Friday, January 11, 2013

Applications of Big Data Part 2: Reduced storage costs for historical data

Coming back to my topic on the business rationale for big data or “Why does Big data make sense?" In a previous post on the Business Applications of Big Data, I mentioned six specific applications and benefits of big data in the modern large organization. While doing so, I have been specific about benefits from big data technology and tried to draw a distinction from what are generic benefits from data-driven analytics.

One of my pet peeves when I read about the benefits of big data are that they often relate to the benefits of data and analytics more generically, or (if the author is trying to be at least somewhat intellectually honest), unstructured data and text analytics. Take for example this excerpt from McKinsey’s report on big data. The reason why I am picking on McKinsey here is because they consider themselves (and are considered, in some circles) to be the smartest guys in the room. And I’d have expected them to be a little more discerning when it comes to differentiating between data/ analytics driven business insights and the somewhat narrow technical area, which is big data.

McKinsey says in its report
There are five broad ways in which using big data can create value. First, big data can unlock significant value by making information transparent and usable at much higher frequency. Second, as organizations create and store more transactional data in digital form, they can collect more accurate and detailed performance information … and therefore expose variability and boost performance. Leading companies are using data collection and analysis to conduct controlled experiments to make better management decisions …Third, big data allows ever-narrower segmentation of customers and therefore much more precisely tailored products or services … Fourth, sophisticated analytics can substantially improve decision-making. Finally, big data can be used to improve the development of the next generation of products and services. For instance, manufacturers are using data obtained from sensors embedded in products to create innovative after-sales service offerings such as proactive maintenance (preventive measures that take place before a failure occurs or is even noticed).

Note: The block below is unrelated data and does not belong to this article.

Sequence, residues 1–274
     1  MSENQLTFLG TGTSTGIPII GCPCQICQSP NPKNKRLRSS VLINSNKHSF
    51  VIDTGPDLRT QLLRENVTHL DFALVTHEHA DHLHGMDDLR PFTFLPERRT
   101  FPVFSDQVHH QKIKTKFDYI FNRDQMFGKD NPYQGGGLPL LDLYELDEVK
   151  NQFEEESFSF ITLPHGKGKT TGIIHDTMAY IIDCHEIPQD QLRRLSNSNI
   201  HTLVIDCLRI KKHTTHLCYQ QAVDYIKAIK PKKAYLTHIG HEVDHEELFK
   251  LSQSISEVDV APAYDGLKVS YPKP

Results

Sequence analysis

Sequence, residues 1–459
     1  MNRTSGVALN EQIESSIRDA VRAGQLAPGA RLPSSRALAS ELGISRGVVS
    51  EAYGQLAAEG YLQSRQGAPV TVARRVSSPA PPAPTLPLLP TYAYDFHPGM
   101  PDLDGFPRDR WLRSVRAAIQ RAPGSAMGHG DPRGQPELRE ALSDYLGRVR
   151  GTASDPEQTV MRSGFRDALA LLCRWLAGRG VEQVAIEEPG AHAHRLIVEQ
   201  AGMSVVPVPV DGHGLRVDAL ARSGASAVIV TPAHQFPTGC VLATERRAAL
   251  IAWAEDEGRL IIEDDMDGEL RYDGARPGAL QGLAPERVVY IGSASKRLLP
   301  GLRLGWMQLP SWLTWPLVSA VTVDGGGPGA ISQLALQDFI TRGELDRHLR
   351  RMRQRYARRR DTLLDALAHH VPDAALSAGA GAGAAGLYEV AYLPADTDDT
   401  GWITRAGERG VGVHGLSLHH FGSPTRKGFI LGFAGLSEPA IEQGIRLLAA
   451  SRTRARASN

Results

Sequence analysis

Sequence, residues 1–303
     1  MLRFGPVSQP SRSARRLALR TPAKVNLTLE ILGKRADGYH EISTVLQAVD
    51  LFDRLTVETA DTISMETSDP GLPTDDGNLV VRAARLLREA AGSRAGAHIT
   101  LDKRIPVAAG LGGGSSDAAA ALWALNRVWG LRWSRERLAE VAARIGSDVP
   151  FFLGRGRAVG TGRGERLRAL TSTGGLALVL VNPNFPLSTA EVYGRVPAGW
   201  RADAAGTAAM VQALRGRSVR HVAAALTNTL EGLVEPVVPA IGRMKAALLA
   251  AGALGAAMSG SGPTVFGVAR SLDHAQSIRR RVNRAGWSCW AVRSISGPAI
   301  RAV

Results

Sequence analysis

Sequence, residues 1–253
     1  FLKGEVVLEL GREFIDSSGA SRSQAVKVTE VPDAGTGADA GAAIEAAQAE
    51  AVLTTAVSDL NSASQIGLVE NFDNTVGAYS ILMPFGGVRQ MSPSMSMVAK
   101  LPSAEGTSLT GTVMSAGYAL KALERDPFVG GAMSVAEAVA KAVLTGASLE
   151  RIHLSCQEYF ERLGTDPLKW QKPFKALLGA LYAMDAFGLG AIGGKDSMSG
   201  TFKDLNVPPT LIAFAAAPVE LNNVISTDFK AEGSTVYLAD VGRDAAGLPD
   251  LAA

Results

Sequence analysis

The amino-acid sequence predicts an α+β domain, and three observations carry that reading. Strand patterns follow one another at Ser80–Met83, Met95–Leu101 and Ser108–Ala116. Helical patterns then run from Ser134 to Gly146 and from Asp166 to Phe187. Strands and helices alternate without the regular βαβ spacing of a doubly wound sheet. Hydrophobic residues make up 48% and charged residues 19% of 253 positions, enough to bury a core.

Now, ALL of the data points talked about are either too generic (‘can substantially improve decision making’, ‘create the next generation of products and services’) or are things that apply more generically to good data/ analytics based business models (‘use of data at higher frequency, ‘more transactional data’, ‘narrower segmentation and precisely tailored products and services’). And so for someone who is trying to understand specifically whether to stay with traditionally RDBMS or embrace big data, this kind of commentary is useless. What I am going to try and do is to call out some of the benefits of big data that are uniquely driven by the specific big data technologies.

The business reasons why big data is a useful idea for organizations to embrace and implement comes down to a few specific things. All of these have to do with the fundamental technology innovation that drove big data’s growth in the first place. As David Williams, CEO of Merkle explains, if big data was merely an explosion in the amount of data suddenly available, it would be called ‘lots of data’. There's clearly more to this phenomenon, particularly since lots of data has always existed. So what are these technology innovations that typify big data?